Flip says it started in the bricks and mortar world with Warren Buffet.
Anyway, I have not read the article yet, but the first sentence refers to the
trusts at the beginning of the 20th century (man, that sounds weird to say).
It is truly history now.
The intriguing thing is how Upside Magazine did a similar article and did not
even mention divine. Yet Flip ends up on the cover of Red Herring. Wouldn’t
you like to know why? I will try to find out. Karen Andre, I guess you get
your job back.
I might note that Flip attended the Red Herring Venture Conference in late
October and may have even contributed money to it.
By the way, I have an interesting story to tell about how that $25MM
investment from Microsoft in divine took place. It involves, Neil Kane, Tom
Thornton, Dave Weinstein, moi, and a chain of events that shows just how
interconnected we are, but also just how fragile those connections can be.
Josh Schneider, you had a role in this too.
Meanwhile, you will read in tomorrow’s Crain’s about how the editor David
Snyder is moving over to take on their internet effort. I found out about
this on Thursday when one reader told me he would send a copy of the letter
David sent out to his circle of friends. It is somewhat revealing and there
is some cause for concern in that the editorial side and the business
development side are becoming increasingly enmeshed.
Here are a few sentences from his letter:
“…I will be taking on a new role later this month as General Manager of
Crain’s Internet operations — a position that will combine my strong
interests in journalism with a long-held desire to enter the business side of
the publishing industry. In my new post, I will be responsible for content
and new business development for our Internet site, including a major
relaunch of crainschicagobusiness.com later this year.”
“…this (position) affords an ideal opportunity to segue into the dot.com
world by expanding Crain’s franchise in the new media business.”
Sounds harmless enough, right? NOT. The problem with what David is saying is
very closely related to many trends in the way business, media, and the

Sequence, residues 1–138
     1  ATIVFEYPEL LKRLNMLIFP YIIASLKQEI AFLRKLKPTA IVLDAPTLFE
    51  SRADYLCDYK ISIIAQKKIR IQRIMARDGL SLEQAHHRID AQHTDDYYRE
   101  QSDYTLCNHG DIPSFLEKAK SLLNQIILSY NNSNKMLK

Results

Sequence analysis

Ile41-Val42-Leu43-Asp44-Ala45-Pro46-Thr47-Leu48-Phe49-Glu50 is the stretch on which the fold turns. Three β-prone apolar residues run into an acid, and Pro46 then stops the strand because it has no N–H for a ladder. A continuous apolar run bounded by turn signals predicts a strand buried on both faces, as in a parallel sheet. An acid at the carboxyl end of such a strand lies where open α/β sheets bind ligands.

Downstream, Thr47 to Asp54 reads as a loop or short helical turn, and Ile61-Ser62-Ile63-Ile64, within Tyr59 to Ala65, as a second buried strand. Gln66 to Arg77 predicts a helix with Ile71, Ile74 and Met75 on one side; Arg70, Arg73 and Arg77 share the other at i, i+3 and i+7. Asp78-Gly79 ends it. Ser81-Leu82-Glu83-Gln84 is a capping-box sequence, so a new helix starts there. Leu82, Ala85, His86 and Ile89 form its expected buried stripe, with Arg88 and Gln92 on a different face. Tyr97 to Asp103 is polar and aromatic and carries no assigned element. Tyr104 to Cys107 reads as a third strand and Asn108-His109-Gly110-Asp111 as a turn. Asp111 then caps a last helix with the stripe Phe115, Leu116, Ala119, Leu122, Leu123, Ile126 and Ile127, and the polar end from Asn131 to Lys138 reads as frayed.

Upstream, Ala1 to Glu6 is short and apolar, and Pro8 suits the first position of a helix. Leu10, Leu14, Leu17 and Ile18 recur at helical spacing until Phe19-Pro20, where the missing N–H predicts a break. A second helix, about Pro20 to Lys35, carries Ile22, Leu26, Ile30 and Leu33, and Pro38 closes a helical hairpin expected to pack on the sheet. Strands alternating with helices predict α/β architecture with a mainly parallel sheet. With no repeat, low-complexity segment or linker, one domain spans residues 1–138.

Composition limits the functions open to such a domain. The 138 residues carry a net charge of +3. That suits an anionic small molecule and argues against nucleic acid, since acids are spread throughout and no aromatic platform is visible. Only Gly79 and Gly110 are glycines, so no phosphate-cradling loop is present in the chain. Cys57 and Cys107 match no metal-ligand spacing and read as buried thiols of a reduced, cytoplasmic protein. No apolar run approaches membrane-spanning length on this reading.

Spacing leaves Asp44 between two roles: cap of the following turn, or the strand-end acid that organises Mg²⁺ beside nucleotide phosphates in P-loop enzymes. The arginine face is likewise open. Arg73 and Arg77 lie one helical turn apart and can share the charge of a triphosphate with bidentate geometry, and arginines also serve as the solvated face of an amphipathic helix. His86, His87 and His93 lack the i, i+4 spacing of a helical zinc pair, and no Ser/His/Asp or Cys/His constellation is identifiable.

Internet works, including the Zaibatsu, the trend of lawyers taking equity in
lieu of fees, and all sorts of other entanglements caused by the
consolidation in the media and entertainment fields (ABC owned by Disney,
Time-Warner, etc., etc.)
The traditional lines that keep some level of independence and objectivity in
reporting, for example, are becoming blurred. “Conflict of interest” has the
potential to become the new order of the day in about every aspect of human
An article in the January 10, 2000 issue of Fortune by Marc Gunther entitled
“Publish or Perish” attempts to deal with the issue of the future of
newspapers, but it also addresses the “breach of the customary wall between
news and commerce” as egregiously demonstrated by the recent L.A. Times
scandal in which the paper devoted a special issue of its Sunday magazine to
“L.A.’s new Staples sports arena, which secretly shared in the advertising
revenues from the magazine in exchange for sponsorship rights.” The upshot
was that the current publishers Mark Willes and Kathryn Downing ended up
getting a “public spanking” from the old publisher Otis Chandler, who called
their behavior “unbelievably stupid and unprofessional handling” of the
Professor Mohan Sawhney appears to be concerned about how these isses have
played out in structuring internet business relationships. Former Surgeon
General C. Everett Koop got into trouble last year over how his site had
financial relationships it did not properly disclose. I am not one of those
who believes that “full disclosure” solves the problem.
I think you have to be willing to pass up opportunities to make money in
order to maintain a thing called integrity. In the long run, that trust and
integrity factor is worth money, as Mohan repeatedly points out, using the
When it comes to Crain’s, I could cite chapter and verse. For instance, how
they selected the “Technology 100” list in 1997 and then proceeded to sell
advertising and luncheon tables to the companies selected. Watch the
correlation between editorial content and advertising that already exists in
Yes, I know the story about Richard Notebart pulling Ameritech’s advertsing
in Crain’s, if my memory is correct. That story doesn’t prove that Crain’s
keeps the two strictly separate.
The problem is rarely with the big issues that come down to a matter of high
principle, it is usually the less noticeable work-a-day stuff. A few years
back, I was quoted in a few trade publications, (one of them was Network
World) and about a week later I got an advertising package in the mail,